Anyway, it was her turn to go. It worked out perfectly because earlier in the afternoon she got orthodontic braces. She's nervous, excited and all around "wired" up.

The Luminaria light display replaces the former light show at Thanksgiving Point where you stayed in your car to drive through the kitschy displays (I can see that in my neighborhood). I successfully avoided that particular show for years. Seeing the long lines of cars from the freeway was a complete deterrent for this holiday bah humbug.

Lily and I arrived for the event one minute before the time on our ticket and we weren't allowed into the building until the time on our ticket. The staff was very friendly and literally anxious for us to see the displays that have obviously taken a lot of time, preparation and passion.

We started in the Poinsettia House where we enjoyed the relative warmth for a bit as we waited for it to get just a little darker. It was a chilly night but thankfully dry, so we bundled up to enjoy the peaceful walk. It had snowed the day before and the layer of white stuff added to the winter beauty. We really lucked out.

I don't know how they will manage the crowds throughout December, but being able to just ramble through the gardens at our own pace and without crowds of people to push us through was delightful.

The use of lights and the natural environments of the garden were so impressive. It was so beautiful. Different areas had various themes with music piped in to match. There were fun areas, peaceful areas and places to contemplate the holiday and the meaning of Christmas. My personal favorite was definitely the Light of the World exhibit that focused on the Savior.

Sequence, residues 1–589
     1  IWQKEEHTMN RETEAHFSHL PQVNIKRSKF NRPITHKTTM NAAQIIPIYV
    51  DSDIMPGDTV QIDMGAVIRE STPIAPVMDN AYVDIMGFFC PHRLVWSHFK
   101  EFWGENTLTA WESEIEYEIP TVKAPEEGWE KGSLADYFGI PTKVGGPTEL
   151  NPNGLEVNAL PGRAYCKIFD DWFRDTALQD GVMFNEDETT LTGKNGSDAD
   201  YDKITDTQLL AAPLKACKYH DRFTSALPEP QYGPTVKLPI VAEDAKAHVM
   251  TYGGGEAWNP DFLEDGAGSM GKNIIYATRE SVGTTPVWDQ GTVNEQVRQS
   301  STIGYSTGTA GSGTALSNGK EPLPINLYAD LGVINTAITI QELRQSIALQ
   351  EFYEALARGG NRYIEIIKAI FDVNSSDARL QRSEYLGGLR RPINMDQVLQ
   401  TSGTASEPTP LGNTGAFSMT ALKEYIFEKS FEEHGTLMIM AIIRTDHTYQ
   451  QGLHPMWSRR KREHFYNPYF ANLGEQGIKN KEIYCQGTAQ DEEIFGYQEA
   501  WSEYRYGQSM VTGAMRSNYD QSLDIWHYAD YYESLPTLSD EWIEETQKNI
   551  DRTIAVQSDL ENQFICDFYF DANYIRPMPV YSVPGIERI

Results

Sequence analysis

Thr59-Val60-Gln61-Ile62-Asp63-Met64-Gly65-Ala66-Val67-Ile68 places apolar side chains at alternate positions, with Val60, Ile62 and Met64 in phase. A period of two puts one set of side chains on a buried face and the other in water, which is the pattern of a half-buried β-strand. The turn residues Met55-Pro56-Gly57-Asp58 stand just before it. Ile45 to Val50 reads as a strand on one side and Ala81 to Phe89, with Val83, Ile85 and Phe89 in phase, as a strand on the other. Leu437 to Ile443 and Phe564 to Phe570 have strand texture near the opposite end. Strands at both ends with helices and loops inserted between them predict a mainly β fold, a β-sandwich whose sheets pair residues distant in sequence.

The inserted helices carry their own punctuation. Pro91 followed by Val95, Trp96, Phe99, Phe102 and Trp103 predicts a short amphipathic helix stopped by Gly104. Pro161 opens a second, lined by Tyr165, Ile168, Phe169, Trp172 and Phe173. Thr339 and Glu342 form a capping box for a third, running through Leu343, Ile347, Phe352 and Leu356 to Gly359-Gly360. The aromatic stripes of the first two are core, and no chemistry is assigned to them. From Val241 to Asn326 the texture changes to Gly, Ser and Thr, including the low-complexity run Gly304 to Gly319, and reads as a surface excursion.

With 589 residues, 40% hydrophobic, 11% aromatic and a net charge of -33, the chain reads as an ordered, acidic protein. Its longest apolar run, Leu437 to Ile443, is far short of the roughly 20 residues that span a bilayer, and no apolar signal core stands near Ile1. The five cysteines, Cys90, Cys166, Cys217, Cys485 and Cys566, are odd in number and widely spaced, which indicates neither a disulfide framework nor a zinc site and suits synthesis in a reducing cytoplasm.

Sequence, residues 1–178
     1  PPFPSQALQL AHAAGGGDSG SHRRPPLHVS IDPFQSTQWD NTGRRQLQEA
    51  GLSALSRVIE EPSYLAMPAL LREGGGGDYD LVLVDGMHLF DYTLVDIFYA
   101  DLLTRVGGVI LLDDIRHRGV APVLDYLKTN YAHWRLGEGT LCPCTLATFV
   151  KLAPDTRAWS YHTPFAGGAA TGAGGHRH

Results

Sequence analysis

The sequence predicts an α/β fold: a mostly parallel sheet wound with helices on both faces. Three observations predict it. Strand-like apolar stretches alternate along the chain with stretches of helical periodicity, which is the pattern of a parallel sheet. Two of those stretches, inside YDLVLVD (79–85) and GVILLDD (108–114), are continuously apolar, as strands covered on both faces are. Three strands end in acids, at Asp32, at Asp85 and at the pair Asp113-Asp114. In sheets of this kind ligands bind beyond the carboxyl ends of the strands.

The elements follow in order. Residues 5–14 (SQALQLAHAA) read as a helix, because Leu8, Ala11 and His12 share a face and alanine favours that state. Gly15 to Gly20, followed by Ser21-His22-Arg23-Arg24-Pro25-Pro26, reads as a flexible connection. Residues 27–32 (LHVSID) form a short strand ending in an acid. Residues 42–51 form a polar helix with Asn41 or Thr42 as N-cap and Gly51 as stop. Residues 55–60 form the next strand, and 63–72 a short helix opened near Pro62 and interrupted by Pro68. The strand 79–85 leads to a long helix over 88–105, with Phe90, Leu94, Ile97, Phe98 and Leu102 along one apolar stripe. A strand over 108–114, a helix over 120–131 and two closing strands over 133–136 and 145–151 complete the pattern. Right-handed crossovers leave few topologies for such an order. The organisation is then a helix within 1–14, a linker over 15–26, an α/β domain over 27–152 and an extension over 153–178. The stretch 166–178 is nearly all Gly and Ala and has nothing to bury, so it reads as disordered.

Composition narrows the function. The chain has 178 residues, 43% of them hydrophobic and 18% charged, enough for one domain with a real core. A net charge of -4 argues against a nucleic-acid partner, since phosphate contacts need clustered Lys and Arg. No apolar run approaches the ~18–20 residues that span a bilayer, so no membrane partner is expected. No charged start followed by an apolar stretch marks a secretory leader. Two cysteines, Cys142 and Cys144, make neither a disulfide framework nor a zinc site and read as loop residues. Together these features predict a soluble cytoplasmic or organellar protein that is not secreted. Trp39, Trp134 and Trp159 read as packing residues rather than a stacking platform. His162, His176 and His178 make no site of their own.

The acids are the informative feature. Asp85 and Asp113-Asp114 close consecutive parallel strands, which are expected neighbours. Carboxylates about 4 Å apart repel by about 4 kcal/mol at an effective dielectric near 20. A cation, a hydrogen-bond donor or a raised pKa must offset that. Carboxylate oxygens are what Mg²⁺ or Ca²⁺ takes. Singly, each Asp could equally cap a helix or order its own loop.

My family has enjoyed the I Am the Light of the World Sculpture exhibit at Ashton Gardens during the spring and summer but it was magically and impressively transformed with lights. It was a wonderful place to feel the peace and talk with Lily about our Savior and His life and ministry.

There are several places throughout the garden to buy treats and warm up with your family and friends. Lily was a little rushed throughout the entire walk. She had this "hurry up" attitude. Whether she was cold or just wasn't as impressed as I was, I'm not sure.

The Luminaria light display was my favorite "pay-to-see" Christmas event that I've ever been to. I'd love to take my entire family. But here's the thing, it's costly. And at this time of year when I'm trying desperately to stick to a budget to buy gifts for my family and help the needy, it's hard to justify the cost to take my big family. 

It would make a fabulous date night and I'm tempted to take Rand back because I desperately want to see it again this season. It really is quite incredible.

Tickets are now on sale for
The display runs through the end of December. Dates and times are limited so it's best to buy tickets in advance.

**Lily and I were guests of Thanksgiving Point and received complimentary tickets. This review reflects my honest opinions. No compensation was received.**